loving myself started at elementary school. when i started noticing that i looked different than everyone else. i was taller. my nose was bigger. my body was shapelier. my hair was curlier. loving myself suffered at high school. when i started believing that i was different than everyone else. i was taller. my nose was bigger. my body was shapelier. my hair was curlier. loving myself began at college. when i started embracing that i was different than everyone else. i was taller. my nose was bigger. my body was shapelier. my hair was curlier. loving myself thrives now in my 20s. when i am loving that i am different than everyone else. i am taller. my nose is bigger. my body is shapelier. my hair is curlier. it has been a journey to truly love myself and to embrace myself. everyone has a story. what is yours? my story is i questioned who i was and how beautiful i was. but today, i fully embrace who i am because of my journey at different ages and stages. my goal of being a social worker and personal trainer is impacted by my path of loving myself. i wish to encourage others to love every part of them that is different. being different is being unique. being unique is being beautiful. are you different? are you unique? if so, you are beautiful.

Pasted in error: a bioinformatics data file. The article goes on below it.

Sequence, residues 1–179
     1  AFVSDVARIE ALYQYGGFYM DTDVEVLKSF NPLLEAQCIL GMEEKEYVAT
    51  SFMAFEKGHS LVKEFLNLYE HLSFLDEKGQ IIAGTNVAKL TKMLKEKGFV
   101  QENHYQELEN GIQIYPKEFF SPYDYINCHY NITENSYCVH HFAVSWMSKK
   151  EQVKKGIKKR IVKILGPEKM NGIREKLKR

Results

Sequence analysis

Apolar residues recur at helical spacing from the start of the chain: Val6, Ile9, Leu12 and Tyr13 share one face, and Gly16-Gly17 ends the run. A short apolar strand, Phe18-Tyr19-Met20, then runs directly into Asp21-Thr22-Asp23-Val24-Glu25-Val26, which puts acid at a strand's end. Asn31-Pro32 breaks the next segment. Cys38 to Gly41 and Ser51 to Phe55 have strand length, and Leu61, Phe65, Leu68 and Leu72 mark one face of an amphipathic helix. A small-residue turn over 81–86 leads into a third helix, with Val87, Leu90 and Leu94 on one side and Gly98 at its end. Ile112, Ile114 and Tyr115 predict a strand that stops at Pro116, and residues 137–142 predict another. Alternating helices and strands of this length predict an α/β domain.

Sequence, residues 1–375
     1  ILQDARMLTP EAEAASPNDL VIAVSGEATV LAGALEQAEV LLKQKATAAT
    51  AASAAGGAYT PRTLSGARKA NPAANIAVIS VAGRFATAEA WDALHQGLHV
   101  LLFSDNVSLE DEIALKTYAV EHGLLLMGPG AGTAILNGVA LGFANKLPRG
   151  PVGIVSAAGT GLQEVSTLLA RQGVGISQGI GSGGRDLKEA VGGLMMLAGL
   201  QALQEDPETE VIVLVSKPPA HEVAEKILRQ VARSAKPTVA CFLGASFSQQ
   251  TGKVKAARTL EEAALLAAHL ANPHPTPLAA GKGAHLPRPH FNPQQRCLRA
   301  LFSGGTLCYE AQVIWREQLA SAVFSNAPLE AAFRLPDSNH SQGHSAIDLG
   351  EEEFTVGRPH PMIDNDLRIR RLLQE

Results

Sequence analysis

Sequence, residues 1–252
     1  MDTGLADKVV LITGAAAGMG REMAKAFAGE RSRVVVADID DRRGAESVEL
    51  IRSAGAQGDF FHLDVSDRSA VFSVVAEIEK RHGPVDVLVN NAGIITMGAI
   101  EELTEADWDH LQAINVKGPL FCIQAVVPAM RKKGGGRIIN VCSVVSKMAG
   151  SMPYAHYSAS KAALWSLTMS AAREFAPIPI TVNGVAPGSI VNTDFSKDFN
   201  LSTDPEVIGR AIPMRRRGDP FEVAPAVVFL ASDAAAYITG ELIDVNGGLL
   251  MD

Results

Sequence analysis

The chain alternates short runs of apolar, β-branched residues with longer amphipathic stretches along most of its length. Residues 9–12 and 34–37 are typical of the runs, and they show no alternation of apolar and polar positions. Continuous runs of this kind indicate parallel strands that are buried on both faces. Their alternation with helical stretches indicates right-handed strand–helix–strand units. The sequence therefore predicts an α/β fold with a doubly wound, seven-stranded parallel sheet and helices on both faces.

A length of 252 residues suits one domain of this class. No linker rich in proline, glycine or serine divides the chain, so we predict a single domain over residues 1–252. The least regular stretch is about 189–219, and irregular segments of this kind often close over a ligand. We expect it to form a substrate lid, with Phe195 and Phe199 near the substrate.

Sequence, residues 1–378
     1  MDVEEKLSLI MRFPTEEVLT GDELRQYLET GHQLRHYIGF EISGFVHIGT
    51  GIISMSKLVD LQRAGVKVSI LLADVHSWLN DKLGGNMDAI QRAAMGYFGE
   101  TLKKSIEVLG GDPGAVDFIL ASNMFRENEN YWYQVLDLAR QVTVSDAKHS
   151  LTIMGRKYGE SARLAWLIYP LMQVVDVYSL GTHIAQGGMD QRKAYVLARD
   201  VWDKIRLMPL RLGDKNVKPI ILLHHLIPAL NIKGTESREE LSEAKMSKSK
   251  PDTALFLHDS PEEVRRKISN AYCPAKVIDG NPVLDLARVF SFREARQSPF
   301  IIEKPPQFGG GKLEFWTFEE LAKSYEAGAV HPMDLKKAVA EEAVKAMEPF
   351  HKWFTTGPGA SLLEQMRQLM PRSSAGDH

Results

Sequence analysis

light skin and colorism by christina bolden — May 18, 2016
I remember when my Mother first told about an encounter she had with a black man in a grocery store when I was about 3 years old. “You know while you were growing up black men would say to me, so you went and got yourself a white man huh?” I would reply, “It’s None Of Your Damn Business.” I felt bad for my mother for the fact that she not only had to stick up for me but also had to defend, more so explain her life to people who took offense to how light my skin was growing up. My father was not a white man; he was a black man who happened to be light skin from the state of Louisiana. My mother is also light skin, just a tiny bit darker than I am. When I was younger I never understood why these men felt as though my mother owed them an answer for my skin tone. As if they owned some part of her body or life that they felt she should be held accountable for.
Although, I do not remember this encounter specifically, I do remember all the rest of the encounters I experienced and were affected by because of how people perceived me and my skin tone. I remember getting beat up in elementary school on an almost daily basis by a boy because of how light my skin was and the boy felt as though I should speak Spanish. The boy spoke Spanish as it was his first language, but I did not and almost every day he would give me a test; a test to see if this would be the day I would answer or would reply to him in Spanish. He would say words or sentences in his first language and I would look at him confused or scared and when I didn’t say anything or shrugged my shoulders he would push or hit me as a sign of anger. Angry that I couldn't communicate or speak to him. This was my first experience as a child growing up that my skin tone caused certain reactions from people and that how I perceived myself would always be different from how others perceived me. I realized at a young age that once people saw me, they had already created a narrative for me.